Mr Romeo Bugyei, Chief Executive Officer of IT Consortium has appealed to government to allow the Financial Technology (Fintech) industry in Ghana to grow and be fully established in order to foster the growth of financial inclusion.
He said the Fintech sector was a fairly young sector and needed to be allowed to grow and take shape before regulation was introduced.
Speaking at the African Fintech unstructured conference (Unconference) held in Accra, he said allowing the growth before regulation would allow it to innovate more and come up with new solutions.
“I don’t believe that government should regulate the space for now; allow things to grow so that people can innovate and have more ways of doing things and make it cheaper,” he stated.
Mr Bugyei, who runs IT Consortium, a Fintech organisation engaged in payment aggregation and enabling the use of systems for financial services, said Fintechs help to make things cheaper by giving alternative ways of banking using digital or technological solutions.
On potential risks in the industry if left unregulated, he noted that while the sector was not regulated, the Bank of Ghana was aware of the activities of players in the Fintech industry and had held a meeting with them to keep abreast of their activities.
He noted however that although the space was currently directly unregulated, there was an indirect regulation as Fintech most often had to work with banks and financial institutions that were regulated by the Bank of Ghana.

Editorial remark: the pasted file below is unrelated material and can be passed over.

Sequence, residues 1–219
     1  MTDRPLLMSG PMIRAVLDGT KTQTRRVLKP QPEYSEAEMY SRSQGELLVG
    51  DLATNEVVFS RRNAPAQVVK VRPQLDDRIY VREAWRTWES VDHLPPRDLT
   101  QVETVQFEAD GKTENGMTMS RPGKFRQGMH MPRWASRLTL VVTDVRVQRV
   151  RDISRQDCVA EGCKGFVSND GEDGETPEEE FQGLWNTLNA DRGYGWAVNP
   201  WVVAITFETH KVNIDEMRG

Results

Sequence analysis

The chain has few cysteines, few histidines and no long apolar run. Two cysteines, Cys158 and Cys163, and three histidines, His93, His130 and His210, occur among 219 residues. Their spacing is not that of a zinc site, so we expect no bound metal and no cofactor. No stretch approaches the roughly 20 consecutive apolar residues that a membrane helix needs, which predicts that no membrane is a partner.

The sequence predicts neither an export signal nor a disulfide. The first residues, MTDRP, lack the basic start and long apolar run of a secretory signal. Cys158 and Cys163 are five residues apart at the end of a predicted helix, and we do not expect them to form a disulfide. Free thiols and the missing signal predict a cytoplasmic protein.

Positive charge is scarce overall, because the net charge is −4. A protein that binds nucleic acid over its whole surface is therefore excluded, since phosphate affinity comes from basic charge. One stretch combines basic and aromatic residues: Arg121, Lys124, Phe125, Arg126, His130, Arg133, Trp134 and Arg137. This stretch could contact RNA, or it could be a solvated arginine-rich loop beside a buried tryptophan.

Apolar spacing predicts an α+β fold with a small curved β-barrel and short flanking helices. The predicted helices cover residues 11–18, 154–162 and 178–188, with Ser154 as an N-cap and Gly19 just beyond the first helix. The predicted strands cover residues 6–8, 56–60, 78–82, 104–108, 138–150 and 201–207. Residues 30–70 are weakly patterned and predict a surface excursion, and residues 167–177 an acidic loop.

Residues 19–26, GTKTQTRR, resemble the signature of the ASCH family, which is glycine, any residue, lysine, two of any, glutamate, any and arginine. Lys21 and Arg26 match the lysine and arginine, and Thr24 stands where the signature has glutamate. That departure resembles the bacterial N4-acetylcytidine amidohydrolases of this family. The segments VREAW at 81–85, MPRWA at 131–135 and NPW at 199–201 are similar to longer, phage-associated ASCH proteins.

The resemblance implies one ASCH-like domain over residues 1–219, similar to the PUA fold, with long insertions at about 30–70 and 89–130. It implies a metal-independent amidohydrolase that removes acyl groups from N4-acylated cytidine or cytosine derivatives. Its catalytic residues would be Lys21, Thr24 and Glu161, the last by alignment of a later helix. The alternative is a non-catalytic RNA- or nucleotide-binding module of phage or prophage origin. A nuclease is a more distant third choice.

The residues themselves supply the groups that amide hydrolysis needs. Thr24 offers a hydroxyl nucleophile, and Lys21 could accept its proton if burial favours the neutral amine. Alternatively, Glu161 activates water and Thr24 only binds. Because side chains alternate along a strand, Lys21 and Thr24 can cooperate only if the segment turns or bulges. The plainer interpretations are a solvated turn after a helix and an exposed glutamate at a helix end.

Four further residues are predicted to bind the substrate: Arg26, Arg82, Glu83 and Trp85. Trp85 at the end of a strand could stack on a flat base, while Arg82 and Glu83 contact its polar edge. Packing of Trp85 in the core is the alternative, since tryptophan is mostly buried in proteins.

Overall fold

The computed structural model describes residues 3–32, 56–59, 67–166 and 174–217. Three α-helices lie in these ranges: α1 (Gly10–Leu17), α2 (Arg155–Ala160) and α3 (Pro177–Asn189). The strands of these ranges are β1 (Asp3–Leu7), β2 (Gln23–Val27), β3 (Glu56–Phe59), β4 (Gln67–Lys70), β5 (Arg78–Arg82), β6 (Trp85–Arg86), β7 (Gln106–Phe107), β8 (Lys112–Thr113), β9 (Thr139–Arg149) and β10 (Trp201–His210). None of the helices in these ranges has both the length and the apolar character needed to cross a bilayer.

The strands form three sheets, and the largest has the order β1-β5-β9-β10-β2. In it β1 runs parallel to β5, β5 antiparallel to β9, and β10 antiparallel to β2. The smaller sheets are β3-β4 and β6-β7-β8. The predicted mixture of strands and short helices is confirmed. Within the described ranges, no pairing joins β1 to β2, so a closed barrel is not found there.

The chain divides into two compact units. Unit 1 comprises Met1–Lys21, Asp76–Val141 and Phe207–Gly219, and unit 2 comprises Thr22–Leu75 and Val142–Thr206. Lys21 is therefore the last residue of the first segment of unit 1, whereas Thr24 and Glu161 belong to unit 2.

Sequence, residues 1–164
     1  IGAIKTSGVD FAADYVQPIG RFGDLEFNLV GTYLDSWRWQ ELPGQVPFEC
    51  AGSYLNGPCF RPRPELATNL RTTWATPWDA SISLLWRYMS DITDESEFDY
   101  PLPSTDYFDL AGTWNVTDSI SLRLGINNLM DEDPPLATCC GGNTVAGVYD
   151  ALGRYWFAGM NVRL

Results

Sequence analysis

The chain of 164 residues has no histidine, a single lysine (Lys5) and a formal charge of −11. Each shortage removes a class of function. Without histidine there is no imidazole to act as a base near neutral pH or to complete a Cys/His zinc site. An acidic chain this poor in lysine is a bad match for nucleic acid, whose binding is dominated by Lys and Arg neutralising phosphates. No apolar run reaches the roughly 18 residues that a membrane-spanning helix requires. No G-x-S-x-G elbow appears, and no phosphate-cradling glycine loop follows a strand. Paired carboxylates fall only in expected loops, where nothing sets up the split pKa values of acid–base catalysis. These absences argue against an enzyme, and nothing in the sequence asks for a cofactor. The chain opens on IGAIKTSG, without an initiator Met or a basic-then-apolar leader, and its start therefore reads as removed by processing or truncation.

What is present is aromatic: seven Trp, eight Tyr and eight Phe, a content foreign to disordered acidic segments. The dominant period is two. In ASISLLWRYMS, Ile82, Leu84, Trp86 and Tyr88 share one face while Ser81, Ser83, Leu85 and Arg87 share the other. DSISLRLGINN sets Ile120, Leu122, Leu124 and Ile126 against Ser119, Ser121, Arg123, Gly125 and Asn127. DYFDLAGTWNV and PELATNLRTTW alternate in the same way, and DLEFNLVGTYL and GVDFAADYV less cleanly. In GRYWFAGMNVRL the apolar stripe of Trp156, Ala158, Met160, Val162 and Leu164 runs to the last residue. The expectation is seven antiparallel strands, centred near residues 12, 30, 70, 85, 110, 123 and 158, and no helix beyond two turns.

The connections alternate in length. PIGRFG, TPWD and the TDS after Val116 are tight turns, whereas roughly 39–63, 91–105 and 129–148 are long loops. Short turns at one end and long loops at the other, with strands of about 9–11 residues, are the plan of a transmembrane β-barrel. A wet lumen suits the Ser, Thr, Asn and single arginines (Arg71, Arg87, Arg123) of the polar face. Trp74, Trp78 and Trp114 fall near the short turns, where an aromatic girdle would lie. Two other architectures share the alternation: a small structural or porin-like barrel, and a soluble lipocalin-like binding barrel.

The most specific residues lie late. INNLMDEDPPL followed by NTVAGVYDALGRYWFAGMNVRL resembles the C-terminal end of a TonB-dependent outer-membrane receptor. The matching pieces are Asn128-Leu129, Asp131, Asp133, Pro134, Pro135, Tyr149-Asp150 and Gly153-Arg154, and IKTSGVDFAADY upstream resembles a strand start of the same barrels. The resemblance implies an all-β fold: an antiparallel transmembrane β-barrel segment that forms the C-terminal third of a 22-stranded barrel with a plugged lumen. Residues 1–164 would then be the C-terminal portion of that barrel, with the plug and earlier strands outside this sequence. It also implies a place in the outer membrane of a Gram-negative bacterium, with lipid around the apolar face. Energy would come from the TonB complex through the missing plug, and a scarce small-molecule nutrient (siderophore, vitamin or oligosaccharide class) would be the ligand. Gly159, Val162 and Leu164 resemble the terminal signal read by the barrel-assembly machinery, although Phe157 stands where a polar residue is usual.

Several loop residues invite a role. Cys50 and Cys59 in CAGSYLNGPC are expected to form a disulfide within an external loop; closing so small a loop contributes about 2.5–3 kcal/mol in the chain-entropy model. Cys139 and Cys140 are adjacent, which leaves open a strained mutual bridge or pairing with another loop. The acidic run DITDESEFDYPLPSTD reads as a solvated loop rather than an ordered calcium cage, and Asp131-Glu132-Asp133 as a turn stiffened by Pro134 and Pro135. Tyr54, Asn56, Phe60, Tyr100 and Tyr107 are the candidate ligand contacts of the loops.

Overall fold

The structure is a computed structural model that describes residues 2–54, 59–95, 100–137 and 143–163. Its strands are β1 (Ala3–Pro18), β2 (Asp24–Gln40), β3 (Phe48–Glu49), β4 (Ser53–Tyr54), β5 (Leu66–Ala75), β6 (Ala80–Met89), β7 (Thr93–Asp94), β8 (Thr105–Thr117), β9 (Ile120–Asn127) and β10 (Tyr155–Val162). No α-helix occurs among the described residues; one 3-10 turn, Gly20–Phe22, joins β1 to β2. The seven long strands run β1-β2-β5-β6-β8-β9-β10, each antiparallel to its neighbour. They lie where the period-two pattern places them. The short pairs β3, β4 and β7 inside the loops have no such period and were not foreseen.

He explained that because Fintechs were currently not regulated, they were required to partner with banks when doing transactions that required depositing, which meant that the banks indirectly regulated Fintechs.
He said the central bank, at the meeting held with Fintechs, declared its intention to leave the sector unregulated for the time being, but said it would monitor the sector to know the technologies being used and guide where there were problems.
“Every money in digital form has a physical backing in a bank,” he said, noting however that there could be problems with situating liability in Fintech transactions like mobile money.
Mr David del Ser, Deputy Project Manager of the Financial Inclusion on Business Runways (FIBR) project, co-host of the AFU said regulators wouldrequire new skills, systems and approaches to regulate the new Fintech industry, which were not clear.
He said the old ways, and skills used to regulate the traditional financial institutions needed to be updated to work for the Fintech sector, adding that Ghana was in a unique position to lead in that sector.
He stated that the Bank of Ghana was one of three central banks globally, including the central banks of Philippines and Mexico, that had been selected by BFA Global, to participate in a programme funded by the Gates Foundation called ‘Regtech for Regulators Accelerator (R2A)’ designed to help pioneer the next generation digital financial supervision tools and techniques.
“What we are trying to give the Bank of Ghana is new superpowers, to be able to see through all the data and to be able to respond more rapidly and better,” he stated.
Mr Vahid Monadjem, CEO of Nomanini, a South-African based enterprise payments platform provider in the informal retail sector and co-host of the AFU, said the Unconference allows participants to set their own agenda.
He said the Fintech ecosystem was working at light speed across the continent with changes and development happening often, providing solutions in the continent to problems faced by most countries in the continent.
The Unconference was thus to bring together Fintech innovators on the continent to find better solutions and improve their own services, as well as enable the ecosystem to work together.